An introduction to Forensic Entomology

Introduction

In its broadest meaning Forensic Entomology refers to any matter in which insect evidence is used in legal matters, this can be anything from authenticating the presence of woodworm in an insurance claim to using the insects present on a dead body to establish the time since death or post mortem interval (P.M.I), and it is this last example which is most commonly considered "Forensic Entomology".

Forensic Entomology is, first and foremost, a branch of applied entomology, and as such a core understanding of Insect taxonomy and ecology must be obtained before such knowledge can be applied to legal matters, to quote the fictional detective Sherlock Holmes in the adventure of the Copper Beeches "Crime is common. Logic is rare. Therefore it is upon the logic rather than upon the crime that you should dwell"!

The moment of death, is when viewed somewhat dispassionately the start of the decomposition process, the lack of oxygen means that the individual cells of the body begin to expire, for example Brain cells begin to die within 3-7 minutes. The body ceases to generate metabolic heat and begins to cool down to equal that of surrounding temperatures, the lack of pulse causes the blood to settle in the body and the skin discolors. Also the body muscles contract in the phenomena known as Rigor mortis. Also the Bacteria contained with in the gut along with digestive enzymes begin the break down internal organs, the gases produced by the bacteria results in bloating of the body.

However a body does not normally decompose by itself. Various invertebrates specialize in the decomposition of animal carcasses. On a warm day Blowflies (Diptera: Calliphoridae) will appear on a body almost instantly, these flies lay their eggs around the natural orifices of a body, as newly hatched maggots are unable to pierce flesh and thus hatch close to the softer tissue of the orifices. Other primary colonizers of carrion include the fleshflies (Diptera: Sarcophagidae) and the Houseflies and there closest relatives (Diptera: Muscidae) these species and other species which feed upon and parasitise them occupy the carrion from fresh to odor development and beyond. Within days, Ground beetles (Carabidae) and Rove beetles (Staphylinidae) as well as Wasps (Vespidae) will be noted on around and under carrion, weather permitting. As body breaks down by bacterial means as well as by insect activity and odour of decay develops the fats of the carrion becoming rancid, and then developing a cheesy smell, this brings the Skipper flies (Piophilidae) Fruit flies and others to the carrion. The body begins to dry and becomes the domain of the beetles, the mites and the moths before becoming completely skeletonised.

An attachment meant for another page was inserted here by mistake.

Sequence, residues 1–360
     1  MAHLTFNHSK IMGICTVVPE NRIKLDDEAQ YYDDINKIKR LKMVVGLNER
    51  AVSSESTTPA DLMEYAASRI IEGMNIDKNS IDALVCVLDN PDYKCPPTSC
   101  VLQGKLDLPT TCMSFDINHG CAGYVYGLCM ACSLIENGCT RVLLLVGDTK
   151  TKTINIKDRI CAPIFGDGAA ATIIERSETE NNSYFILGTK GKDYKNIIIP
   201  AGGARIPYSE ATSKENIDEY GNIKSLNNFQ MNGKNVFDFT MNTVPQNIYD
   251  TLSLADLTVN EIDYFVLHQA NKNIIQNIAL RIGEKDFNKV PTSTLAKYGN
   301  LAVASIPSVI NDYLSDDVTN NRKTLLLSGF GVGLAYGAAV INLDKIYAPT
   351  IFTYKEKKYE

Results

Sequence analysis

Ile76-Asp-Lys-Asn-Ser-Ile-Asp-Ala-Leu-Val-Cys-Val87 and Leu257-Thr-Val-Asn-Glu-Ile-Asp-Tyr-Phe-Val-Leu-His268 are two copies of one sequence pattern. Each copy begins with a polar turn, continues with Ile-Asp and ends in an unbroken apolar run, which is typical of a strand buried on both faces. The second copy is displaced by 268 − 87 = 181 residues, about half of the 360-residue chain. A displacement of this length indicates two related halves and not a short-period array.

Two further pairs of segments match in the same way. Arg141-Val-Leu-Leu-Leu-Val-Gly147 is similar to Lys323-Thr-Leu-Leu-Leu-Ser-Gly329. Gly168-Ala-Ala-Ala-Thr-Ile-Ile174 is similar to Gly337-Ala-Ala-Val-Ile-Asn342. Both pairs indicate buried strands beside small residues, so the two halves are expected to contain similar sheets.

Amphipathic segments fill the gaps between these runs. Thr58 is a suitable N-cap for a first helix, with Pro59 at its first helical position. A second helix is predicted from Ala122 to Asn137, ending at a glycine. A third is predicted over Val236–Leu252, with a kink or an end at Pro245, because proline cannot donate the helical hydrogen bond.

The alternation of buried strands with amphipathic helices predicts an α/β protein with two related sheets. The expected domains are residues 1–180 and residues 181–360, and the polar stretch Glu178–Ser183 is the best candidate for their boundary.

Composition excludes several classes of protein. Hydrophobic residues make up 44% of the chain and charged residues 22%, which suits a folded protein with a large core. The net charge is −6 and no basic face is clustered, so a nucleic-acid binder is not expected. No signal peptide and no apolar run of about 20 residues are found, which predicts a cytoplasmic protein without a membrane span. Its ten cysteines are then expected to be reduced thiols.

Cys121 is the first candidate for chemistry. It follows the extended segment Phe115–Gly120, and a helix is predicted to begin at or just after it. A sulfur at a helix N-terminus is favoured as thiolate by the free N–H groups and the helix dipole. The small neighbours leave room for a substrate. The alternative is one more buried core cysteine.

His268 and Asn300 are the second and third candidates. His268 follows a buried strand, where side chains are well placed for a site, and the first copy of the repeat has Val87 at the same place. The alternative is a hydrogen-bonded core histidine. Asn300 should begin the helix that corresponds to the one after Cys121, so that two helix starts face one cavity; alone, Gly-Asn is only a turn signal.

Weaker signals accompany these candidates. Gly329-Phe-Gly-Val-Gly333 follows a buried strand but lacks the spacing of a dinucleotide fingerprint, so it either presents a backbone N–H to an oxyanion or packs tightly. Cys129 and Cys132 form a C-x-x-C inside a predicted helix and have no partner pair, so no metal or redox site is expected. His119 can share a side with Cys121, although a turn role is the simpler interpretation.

How ever there are many things which can affect this progression of nutrient recycling. For example the size of the carrion, personal experience has shown that rat sized carrion does not normally last past the primary colonizers due to its small size, also on smaller carrion Burying Beetles (Silphidae) will arrive at much the same time as the primary colonizers and bury the carrion as part of their life cycle (see Putman 1983, for details on the life cycle of Burying Beetles), whereas Smith (1973) notes that on Human Corpses they arrive approximately a year in to decomposition.

Season and climate also plays an important part in the decomposition of carrion and corpses, insect metabolism is dependent on the external temperature, so much so that correct determination of P.M.I. depends on obtaining accurate climate data at the crime scene, and some of the predatory insects on carrion have a yearly life cycle, so may or may not be present purely if it's the wrong time of year rather than for some other more sinister reason.

Knowledge of the ecology of these insects and the ones which succeed them on a corpse can be used to determine how long the corpse has been dead for.